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Trainee /2nd Company Article

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ballet1310

Momof3darlings thank you so much for taking the time to compile the links,  I will take a night and go through all of it ...  Your insight and advice is very much appreciated. I will also make my comments in those threads :)   Everyone's comments are very helpful - I agree looking into bio's is a good way to see who is getting promoted.  I find a lot of the big schools also recruit dancers in later years and it may seem as if the dancer was trained there but really, they were mostly trained elsewhere.  All good food for thought as next season we will be casting the net wide and seeing where she lands.

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learningdance

cat11, 

Yep. . .

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learningdance

And thanks for the links. .. read through many of these. . . 

I have a question: Is the unpaid trainee or tuition-based trainee common in European countries? 

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Toitoi43

learning dance, I will try to answer the questions about unpaid/tuition-based trainees in Europe.  Like the states, Europe has some schools whose students are called trainees.  They are part of the school and yes they do participate in some company productions where a large corps is necessary.  The highest level at schools range from being called Academy, Trainee, Upper School, etc.  Some companies are really good about promoting from their school but it seems that more times than not, kids are brought into the upper levels from competitions and scouting.  In Europe, there isn't a "trainee" level between school and company.  Hope that helps a little although after reading over this, it sounds very similar to what is happening in the states.

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learningdance

Toitoi 
 

So my DD was talking with a dancer who did a stint in Europe and is now in a large co in the US at a soloist level.  It was this dancer's perception that European companies did not have the expectation that parents from Europe fund trainee or unpaid internships. It was this dancer's perception that some European companies thought that American parents were more open/willing to fund  unpaid interships than European parents, who are used to a state-run system.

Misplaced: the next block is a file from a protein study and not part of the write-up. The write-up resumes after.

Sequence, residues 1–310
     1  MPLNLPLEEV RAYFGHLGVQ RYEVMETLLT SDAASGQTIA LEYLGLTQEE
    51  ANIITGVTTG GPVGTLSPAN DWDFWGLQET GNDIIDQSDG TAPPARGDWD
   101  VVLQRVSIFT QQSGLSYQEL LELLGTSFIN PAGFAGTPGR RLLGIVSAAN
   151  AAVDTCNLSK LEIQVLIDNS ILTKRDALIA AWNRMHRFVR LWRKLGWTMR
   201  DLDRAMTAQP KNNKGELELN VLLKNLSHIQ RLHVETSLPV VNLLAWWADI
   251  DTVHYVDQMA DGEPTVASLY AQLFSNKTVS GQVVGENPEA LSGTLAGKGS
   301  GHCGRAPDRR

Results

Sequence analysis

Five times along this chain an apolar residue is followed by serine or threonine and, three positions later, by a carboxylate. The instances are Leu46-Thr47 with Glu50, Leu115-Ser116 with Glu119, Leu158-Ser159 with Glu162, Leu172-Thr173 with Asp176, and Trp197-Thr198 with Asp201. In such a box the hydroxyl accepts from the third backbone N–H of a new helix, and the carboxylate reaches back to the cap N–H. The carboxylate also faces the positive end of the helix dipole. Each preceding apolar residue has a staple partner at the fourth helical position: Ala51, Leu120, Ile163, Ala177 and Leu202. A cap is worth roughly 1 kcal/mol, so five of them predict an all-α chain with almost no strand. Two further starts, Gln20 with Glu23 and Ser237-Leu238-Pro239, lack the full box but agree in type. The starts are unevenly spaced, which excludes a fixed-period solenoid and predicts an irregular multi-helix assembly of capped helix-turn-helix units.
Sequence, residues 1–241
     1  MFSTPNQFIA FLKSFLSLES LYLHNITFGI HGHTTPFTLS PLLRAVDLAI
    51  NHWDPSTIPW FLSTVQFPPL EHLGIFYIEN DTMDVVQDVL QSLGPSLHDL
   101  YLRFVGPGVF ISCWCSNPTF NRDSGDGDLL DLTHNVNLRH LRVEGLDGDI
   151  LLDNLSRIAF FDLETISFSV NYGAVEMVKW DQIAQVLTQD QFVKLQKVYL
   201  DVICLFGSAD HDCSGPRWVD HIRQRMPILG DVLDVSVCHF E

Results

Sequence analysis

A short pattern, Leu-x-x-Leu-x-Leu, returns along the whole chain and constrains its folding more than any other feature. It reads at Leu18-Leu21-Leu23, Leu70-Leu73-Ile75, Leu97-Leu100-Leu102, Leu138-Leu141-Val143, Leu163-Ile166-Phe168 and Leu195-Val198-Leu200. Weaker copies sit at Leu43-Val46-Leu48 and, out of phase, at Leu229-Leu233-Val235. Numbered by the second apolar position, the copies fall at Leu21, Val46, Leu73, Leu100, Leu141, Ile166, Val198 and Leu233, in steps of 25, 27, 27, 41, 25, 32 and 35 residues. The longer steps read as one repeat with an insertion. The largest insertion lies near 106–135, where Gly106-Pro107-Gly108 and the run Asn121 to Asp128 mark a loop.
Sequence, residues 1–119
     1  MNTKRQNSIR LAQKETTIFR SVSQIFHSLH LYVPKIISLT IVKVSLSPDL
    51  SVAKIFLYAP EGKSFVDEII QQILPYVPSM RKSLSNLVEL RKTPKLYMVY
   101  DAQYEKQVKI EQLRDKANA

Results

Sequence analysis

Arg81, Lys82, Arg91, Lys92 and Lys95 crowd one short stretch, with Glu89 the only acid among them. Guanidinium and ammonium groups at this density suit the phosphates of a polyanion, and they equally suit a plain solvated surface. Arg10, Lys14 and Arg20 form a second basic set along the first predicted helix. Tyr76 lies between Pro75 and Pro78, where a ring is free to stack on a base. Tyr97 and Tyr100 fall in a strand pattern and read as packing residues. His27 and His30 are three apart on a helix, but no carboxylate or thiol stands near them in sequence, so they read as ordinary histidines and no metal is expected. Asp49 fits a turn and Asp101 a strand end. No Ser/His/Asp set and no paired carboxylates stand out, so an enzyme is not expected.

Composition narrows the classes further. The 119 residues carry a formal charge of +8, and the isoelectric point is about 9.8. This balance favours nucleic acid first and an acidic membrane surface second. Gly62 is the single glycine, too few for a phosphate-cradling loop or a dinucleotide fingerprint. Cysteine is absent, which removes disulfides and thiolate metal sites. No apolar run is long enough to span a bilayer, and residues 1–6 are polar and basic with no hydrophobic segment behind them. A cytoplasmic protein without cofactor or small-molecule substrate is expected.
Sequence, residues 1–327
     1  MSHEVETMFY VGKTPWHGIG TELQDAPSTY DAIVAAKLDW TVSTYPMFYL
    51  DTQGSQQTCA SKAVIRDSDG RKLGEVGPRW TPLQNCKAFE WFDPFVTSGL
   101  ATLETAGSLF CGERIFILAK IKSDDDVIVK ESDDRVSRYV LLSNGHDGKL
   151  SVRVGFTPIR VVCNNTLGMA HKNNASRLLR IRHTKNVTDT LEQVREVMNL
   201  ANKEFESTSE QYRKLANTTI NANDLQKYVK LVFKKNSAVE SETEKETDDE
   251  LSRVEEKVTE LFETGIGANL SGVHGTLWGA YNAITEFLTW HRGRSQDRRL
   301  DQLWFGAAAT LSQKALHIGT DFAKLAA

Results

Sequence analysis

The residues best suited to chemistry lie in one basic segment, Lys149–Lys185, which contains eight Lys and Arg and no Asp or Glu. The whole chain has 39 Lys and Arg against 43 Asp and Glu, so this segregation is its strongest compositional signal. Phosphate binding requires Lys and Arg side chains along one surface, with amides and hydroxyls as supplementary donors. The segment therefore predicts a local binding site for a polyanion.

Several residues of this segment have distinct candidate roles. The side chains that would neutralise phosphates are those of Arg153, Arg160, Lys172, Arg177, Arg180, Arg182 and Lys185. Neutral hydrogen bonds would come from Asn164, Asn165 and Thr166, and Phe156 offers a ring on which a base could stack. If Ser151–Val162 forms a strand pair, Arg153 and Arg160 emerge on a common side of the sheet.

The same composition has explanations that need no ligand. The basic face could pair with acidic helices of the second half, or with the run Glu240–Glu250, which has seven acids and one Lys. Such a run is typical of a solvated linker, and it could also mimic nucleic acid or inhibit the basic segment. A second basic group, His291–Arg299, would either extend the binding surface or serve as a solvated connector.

I guess I wonder about your perceptions? 

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Momof3darlings

Sort of apples to oranges instead of apples to apples.  Not so much that American parents are more open/willing to pay, but basically, that is the system we have in place because of our love for free choice for our children.  We don't like other people telling us how to parent or what our children can or cannot do in terms of limits.  Most of us would not go for a ballet only road from childhood on.  Nor do we generally want our children to be limited in the way attending a state run program might.  Not saying either is bad or good.   Just saying that it may be apples to oranges to compare in the manner that dancer's perceptions sent her.  It would be alot easier on the art form possibly.  But we tend to function here on a belief that every child can do whatever they want in whatever manner they choose.  We'd have to completely overhaul the American belief system to have the same perceptions as those who live under state run programs for most art forms and sport.  

 

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Toitoi43

I completely agree with Momof3darlings.  Because a lot of the education is funded by the state in Europe, parents have little to no say.  It also seems a lot more black and white.  You either get accepted to the good training programs or you don't. If you don't, you can't "pay to play."  As for unpaid internships, I don't think they are the norm.  If they do exist, there is a strict two-year minimum policy.  It does seem like more companies have second companies or junior companies but the majority pay something to the dancer.

 

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learningdance

Thanks momof3. . helpful and Toi, toi

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